Now Andrews is many things, but stupid is not one of them. He is not someone to make the fatal error of believing his own bullshit. It is obvious to most sentient people that the reason the liars won was a combination of demographics and, more significantly, the absence of an opposition. So why say that if he certainly doesn’t believe it?

Well partly to suck up to the greens and teals of course, but more ominously to start the narrative and meme that the SEC pushing renewables is going to be the magic solution to all our energy woes. Anyone who remembers the bad old days of the Victorian SEC should be very apprehensive. Sure, the power was cheap, but that was because there was no political interference, no NEM and no subsidised renewables with economic disincentives for thermal power generation. Unions had a stranglehold on the SEC and there was gross featherbedding and continual threats of industrial action. Service interruptions and blackouts, at least where I live in inner city Melbourne, were much more prolonged and common than today. In the 1970s there were protracted periods of power rationing and industrial shutdowns as a result of strike action in the Latrobe Valley. A lot of that disappeared when the power industry was privatised but we have since seen the detrimental effects of green policies that have distorted the market for generation and led to enormous price increases and incipient energy shortages that will continue into the forseeable future.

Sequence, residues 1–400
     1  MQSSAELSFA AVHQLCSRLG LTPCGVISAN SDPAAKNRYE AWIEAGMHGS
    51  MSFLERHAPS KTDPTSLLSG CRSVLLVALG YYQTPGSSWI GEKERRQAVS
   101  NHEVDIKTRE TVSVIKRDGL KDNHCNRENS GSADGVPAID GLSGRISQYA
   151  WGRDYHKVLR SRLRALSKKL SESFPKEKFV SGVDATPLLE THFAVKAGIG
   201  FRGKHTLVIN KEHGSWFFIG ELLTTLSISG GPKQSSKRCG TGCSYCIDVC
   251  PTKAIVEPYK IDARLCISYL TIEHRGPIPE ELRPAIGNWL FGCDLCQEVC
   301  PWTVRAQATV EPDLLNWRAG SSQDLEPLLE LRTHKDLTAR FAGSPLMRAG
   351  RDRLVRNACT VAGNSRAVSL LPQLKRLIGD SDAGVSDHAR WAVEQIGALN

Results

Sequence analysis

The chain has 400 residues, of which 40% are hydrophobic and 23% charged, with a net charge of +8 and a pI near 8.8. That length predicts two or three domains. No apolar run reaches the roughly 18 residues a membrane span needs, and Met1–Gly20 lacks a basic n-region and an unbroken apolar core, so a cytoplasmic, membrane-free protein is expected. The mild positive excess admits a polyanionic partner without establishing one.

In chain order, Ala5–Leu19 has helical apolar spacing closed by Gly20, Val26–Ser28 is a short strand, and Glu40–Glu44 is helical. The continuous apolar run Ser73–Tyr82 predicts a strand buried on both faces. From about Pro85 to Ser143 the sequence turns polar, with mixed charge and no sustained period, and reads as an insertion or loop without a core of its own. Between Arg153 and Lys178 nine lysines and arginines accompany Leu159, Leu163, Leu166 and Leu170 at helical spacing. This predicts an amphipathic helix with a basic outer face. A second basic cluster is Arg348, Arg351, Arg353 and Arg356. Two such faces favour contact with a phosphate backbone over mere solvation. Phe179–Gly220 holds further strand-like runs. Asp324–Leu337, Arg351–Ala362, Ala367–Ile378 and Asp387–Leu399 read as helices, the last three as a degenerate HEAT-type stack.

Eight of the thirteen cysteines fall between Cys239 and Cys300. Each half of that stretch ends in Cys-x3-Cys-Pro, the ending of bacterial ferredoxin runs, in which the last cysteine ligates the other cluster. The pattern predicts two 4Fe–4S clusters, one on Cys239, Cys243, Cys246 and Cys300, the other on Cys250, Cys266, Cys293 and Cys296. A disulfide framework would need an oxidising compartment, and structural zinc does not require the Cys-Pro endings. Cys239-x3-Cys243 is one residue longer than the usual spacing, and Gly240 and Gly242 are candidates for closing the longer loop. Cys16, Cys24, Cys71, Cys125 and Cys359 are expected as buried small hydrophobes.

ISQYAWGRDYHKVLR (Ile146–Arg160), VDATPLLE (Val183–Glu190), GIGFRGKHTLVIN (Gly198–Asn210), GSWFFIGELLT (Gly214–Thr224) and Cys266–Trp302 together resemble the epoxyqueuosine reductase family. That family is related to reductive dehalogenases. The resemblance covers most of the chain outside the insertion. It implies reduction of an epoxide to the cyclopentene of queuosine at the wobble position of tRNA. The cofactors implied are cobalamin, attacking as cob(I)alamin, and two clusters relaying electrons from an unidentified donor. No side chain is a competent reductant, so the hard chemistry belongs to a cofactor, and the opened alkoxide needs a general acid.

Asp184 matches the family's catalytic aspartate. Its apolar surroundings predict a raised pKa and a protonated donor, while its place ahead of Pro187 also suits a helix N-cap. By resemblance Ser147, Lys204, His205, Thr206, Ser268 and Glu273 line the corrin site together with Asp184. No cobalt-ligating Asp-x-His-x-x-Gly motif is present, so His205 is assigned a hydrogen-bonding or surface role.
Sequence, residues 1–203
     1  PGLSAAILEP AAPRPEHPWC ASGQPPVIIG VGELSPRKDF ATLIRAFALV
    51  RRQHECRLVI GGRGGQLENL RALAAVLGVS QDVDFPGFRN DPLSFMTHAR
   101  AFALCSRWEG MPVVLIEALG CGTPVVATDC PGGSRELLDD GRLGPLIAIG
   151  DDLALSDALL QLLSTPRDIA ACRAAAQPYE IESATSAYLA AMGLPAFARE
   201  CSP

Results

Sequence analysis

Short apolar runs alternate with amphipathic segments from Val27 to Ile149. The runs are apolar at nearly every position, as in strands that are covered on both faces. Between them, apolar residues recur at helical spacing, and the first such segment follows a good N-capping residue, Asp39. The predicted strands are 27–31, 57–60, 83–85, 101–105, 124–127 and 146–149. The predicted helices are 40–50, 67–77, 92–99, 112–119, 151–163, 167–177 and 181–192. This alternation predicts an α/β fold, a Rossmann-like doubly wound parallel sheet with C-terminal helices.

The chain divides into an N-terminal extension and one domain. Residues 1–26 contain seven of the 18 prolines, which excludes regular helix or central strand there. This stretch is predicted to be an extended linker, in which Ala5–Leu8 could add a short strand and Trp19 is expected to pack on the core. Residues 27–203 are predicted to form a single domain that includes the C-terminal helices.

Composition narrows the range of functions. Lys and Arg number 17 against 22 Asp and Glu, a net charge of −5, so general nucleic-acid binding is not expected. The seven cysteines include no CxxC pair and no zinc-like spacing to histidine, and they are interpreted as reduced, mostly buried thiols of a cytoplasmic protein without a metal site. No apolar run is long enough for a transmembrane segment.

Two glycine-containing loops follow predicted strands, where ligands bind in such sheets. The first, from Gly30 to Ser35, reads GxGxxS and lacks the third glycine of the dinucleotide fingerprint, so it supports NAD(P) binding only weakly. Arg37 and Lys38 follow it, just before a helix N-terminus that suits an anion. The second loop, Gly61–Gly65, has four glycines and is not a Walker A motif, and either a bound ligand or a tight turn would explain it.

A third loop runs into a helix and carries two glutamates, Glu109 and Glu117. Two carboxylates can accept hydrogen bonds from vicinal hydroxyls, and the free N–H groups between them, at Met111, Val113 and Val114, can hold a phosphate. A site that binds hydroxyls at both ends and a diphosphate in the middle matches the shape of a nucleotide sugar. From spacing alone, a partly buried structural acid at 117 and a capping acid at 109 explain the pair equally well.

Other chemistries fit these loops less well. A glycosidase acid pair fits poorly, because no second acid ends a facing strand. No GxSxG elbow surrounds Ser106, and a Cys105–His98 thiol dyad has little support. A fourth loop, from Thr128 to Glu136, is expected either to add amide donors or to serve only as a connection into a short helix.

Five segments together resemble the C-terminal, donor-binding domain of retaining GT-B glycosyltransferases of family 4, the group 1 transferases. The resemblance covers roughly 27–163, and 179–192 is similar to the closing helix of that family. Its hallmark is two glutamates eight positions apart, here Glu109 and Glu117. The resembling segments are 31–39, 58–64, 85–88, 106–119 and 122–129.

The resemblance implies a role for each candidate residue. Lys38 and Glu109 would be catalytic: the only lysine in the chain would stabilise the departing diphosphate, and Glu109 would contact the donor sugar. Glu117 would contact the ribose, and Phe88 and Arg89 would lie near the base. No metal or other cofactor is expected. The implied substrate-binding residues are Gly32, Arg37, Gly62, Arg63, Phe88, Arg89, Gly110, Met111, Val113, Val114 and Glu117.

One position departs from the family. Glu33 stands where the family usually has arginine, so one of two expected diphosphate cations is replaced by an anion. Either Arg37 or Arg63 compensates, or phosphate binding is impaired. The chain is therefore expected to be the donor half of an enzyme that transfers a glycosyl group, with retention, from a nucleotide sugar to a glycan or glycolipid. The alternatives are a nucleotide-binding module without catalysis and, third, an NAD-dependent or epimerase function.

Be prepared for a lot of propaganda about the wonderful new permanent SEC that will usher in a great future powered by free energy. All horseshit of course, but by the time the crunch comes the unflushable one will probably have retired in a blaze of glory and the media will never question it.

Robert Sewell
December 6, 2022 6:03 am

Vagabond:

Be prepared for a lot of propaganda about the wonderful new permanent SEC that will usher in a great future powered by free energy. All horseshit of course, but by the time the crunch comes the unflushable one will probably have retired in a blaze of glory and the media will never question it.

The panicked horses who shied at a shadow have gone over the canyon wall and nothing can stop the stagecoach from disaster. All we can hope for is the wagon catching a rock outcrop so the passengers can clamber back to safety.
Hopefully the grid crash only lasts a few days and there is enough generating capacity to bring it back on line.
Hopefully.
Unfortunately, the driver and shotgun on the wagon have packed parachutes and will be just fine.

NFA
NFA
December 8, 2022 7:52 am

thefrollickingmole

Totally agree.

  1. Exactly. You’re either a j’ismist or a participant. Someone should have La Tingles ex Alan Ramsey.

  2. A good mate of mine was a National Serviceman in Vietnam – he was wounded early in his tour, told…

  3. Imagine KRuddy is working on his packing boxes (again). He’ll be lucky to have a phone call returned after November.…